December 7, 2015 / by
December 7, 2015 / by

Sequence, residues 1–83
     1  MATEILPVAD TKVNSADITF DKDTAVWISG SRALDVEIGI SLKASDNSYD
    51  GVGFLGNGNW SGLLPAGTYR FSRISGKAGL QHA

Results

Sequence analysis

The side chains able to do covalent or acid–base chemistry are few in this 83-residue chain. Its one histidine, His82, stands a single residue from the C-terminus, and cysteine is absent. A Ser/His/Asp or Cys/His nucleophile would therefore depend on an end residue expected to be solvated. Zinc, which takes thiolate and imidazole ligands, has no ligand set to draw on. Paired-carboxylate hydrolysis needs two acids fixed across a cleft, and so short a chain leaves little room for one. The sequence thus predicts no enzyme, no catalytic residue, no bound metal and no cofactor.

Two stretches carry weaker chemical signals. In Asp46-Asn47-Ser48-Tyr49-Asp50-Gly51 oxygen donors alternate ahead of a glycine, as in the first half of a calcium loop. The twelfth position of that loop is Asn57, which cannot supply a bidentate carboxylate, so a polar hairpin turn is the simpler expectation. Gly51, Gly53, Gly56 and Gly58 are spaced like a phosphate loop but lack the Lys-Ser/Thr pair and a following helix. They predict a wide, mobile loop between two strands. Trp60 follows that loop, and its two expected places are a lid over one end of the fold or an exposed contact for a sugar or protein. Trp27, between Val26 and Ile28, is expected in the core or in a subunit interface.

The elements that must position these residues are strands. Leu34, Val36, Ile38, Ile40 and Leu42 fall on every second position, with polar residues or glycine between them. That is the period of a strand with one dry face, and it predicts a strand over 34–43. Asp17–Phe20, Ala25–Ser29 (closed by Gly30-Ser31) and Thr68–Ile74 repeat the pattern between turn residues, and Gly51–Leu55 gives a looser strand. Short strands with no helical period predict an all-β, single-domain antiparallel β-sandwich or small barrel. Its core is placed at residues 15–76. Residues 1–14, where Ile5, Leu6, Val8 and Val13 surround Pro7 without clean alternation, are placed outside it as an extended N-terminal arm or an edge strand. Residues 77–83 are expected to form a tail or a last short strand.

The online gambling industry generates billions of dollars annually and is one of the burgeoning industries on the internet today. The growth of this industry spurred online gambling operators to search for additional operating channels, besides PCs and laptops, such as applications customized for mobile phones and handheld devices that may be used on membership-based websites (such as online casinos). Thus, the mobile channel is becoming a primary channel in the online gambling industry. Considering the heightened use of mobile phones in general, online gambling operators are also seeking to offer their products via this channel – similarly to any other electronic commerce. Additionally, the opportunity being given to online gamblers to continue gambling when they shift from their PC platform to their mobile phone platform while using that same operator and a single electronic wallet (which is synchronized with the operator’s internet version and mobile version), increases customer loyalty to a particular gambling operator and to its brand. Furthermore, the expansion of access to gambling products also via the mobile channel lures customers to spend more time gambling, thus enabling online gambling operators to generate revenues from customers at a faster pace (than prior to the advent of the mobile application) and increases the “value” of these customers and the revenues generated from them. A similar channel exists in handheld devices, which enable customers who are visiting real casinos to continue gambling during their stay at the casino, even when they are outside of the casino halls, but still on the grounds of the casino complex (such as in the casino’s hotel rooms and public spaces, for example, at the pool, in one of the restaurants, etc.). This possibility, which is available in some casinos in the United States, also offers casinos potential growth in revenues and profits by providing access to gambling outside of the actual casino halls, while avoiding regulatory constraints and capital expenditures on physical expansions of their casino halls. That being the case, the use of the mobile channel undoubtedly offers significant potential for the online gambling industry. However, concurrently, this channel also poses significant constraints, mainly in terms of regulations. Firstly, the fact that this is a virtual channel raises the question of the law and regulatory regime applicable to online gambling via the mobile channel – whether the particular regime permits or prohibits online gambling. For example, let us assume that a Spanish citizen and resident, who has a gambling account with a Spanish licensed gambling operator, wants to use the said operator’s mobile application while he is staying in Holland. Will Spanish law, Dutch law or some other law apply in this case? Prima facie, the Spanish customer is “carrying” his gambling account with the Spanish operator in his mobile device, but, on the other hand, he is seeking to gamble while he is in Holland (which bans online gambling), using the Dutch communications network. These issues also exist generally in the general online gambling industry, but the mobile channels highlight the salience of the aforesaid regulatory issue, mainly because it has become a far more widespread issue. The more extensive the use of mobile channels in the online gambling industry, the closer the world gets to the point where it will become essential to find a satisfactory solution to this issue. Furthermore, the expansion of the online gambling industry into mobile channels could serve as ammunition for the most ardent opponents of this industry. One of the strongest arguments being made in the battle against online gambling is that the evolution of this industry will turn every computer into a casino in a way that substantially facilitates access to gambling, since mobile phones are ubiquitous among the general population. – and thus serves to promote an inconceivable increase in gambling addicts (one extreme scenario that is repeatedly mentioned is that of teenagers – who, as minors, are banned from entering physical casinos – who become rampant secret gamblers via online gambling websites up in their attics). Considering the incessant battle between the opponents to the online gambling industry due to the inherent phenomena involved (or at the very least, due to the phenomena that online gambling opponents claim are inherent in this industry) and proponents of online gambling, who are seeking to regulate the industry through legislation, any development, even merely of a technological nature, could impact the regulatory regime that will eventually be instituted. Even in the United States, where gambling is firmly established, there is a persistent battle at the federal level over whether or not all kinds of online gambling should be prohibited by law. Considering the Republicans’ control over the U.S. Congress, and the support of legislation banning online gambling by the casino magnate, Sheldon Adelson, one cannot rule out the possibility that the expansion of the online gambling industry to mobile channels might, in the final analysis, be the last straw that leads to its downfall.